London

By Jones, Jonathan R. | Sculpture, December 2014 | Go to article overview

London


Jones, Jonathan R., Sculpture


"The Human Factor"

The Hayward Gallery

The problem with group shows is that the curator is powerfully present, and when a show attempts a survey or argument, it is hard not to be distracted by potential omissions or possible flaws. "The Human Factor" fell foul on both counts: there were omissions in the selection and holes in curator Ralph Rugoff's premise-that there is a "ubiquity of the figure in sculpture today."

It seemed arbitrary for the show to include 25 artists and survey the last 25 years of artistic production. And why represent some artists with just one work, but include three by others? The featured artists were not "of" the past 25 years in the sense that they belong to the same generation (Paul McCarthy was born in 1954, while Andro Wekua was born in 1977). Finally, the show's premise that the last quarter century represents a return to the human figure seemed in itself to be questionable.

Given the argument underpinning "The Human Factor," it is surprising that British artists Jake and Dinos Chapman, Antony Gormley, and Marc Quinn were not included. And there were omissions from a broader international frame, too: Where were Elmgreen and Dragset, Ron Mueck, and Anna-Maria Pacheco? In his catalogue essay, James Lingwood discusses one such omission, Stephan Balkenhol, who has used figurative sculpture to question the status of public statuary.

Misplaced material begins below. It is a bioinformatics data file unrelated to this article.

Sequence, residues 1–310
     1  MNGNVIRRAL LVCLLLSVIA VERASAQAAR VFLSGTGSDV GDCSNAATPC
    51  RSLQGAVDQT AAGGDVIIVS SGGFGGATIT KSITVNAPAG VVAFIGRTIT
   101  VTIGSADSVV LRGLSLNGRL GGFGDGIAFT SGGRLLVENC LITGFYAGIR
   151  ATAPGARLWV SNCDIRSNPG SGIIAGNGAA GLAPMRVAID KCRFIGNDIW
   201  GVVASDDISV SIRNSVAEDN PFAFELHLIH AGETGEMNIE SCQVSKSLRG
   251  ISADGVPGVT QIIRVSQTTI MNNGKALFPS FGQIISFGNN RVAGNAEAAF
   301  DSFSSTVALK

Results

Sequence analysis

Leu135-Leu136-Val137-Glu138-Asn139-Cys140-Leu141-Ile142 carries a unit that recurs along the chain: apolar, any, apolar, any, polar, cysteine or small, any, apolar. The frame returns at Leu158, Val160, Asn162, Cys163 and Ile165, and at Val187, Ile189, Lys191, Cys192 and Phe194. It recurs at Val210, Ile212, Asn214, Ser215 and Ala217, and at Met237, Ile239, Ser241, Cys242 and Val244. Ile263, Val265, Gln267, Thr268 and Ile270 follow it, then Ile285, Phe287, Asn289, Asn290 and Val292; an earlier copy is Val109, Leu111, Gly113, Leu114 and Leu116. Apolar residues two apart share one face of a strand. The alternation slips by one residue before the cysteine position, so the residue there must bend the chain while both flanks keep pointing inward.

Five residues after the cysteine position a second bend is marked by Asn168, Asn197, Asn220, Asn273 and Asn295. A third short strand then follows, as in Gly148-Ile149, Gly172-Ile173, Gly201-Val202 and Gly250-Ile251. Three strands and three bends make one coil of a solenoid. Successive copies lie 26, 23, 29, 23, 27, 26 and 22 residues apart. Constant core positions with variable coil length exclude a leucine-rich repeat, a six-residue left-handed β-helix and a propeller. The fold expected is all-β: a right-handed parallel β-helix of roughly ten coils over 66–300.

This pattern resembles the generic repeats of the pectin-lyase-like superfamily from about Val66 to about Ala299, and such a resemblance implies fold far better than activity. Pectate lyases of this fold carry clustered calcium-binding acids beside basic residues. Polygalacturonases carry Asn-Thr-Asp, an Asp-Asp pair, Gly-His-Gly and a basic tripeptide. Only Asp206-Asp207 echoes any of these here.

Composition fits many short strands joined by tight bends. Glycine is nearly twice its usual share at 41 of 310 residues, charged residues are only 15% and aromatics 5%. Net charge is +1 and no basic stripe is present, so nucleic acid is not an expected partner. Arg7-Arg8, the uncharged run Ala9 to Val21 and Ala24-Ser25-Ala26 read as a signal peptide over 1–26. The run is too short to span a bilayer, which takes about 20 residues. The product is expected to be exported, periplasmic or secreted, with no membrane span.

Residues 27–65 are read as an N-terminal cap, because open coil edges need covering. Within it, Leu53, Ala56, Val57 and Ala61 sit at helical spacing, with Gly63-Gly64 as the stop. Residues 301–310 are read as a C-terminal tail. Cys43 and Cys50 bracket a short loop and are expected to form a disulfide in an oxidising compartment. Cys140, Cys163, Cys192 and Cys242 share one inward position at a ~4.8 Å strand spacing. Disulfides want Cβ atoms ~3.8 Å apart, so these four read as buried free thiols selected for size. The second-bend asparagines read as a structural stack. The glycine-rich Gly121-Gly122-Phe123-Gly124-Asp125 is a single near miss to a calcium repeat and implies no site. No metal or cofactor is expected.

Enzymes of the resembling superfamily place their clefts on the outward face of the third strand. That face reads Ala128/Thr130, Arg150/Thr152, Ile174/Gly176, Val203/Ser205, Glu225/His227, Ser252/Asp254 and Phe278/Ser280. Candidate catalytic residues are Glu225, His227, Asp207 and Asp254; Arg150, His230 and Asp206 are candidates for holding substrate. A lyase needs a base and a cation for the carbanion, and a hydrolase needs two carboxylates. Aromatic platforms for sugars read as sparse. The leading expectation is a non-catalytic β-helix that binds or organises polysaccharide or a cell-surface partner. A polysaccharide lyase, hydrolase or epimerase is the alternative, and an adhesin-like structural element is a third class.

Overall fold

The focus on sculpture seemed in itself to get in the way, both in terms of how the viewer perceived the work and in terms of how the artists themselves locate their output. For example, Katharina Fritsch describes her work as "making three-dimensional pictures." Elsewhere, it seemed that image-making is more important to the artists than the making of sculpture. A work by Cady Nolan, who often uses photography, featured the infamous photograph of John F. Kennedy's alleged assassin Lee Har - vey Oswald at the point of murder. Likewise Martin Honert's English Teacher (2010) and Photo (1993) pun on the conventions of photography and problematize the relation of two to three dimensions in a form of artmaking that could only questionably be called sculpture. …

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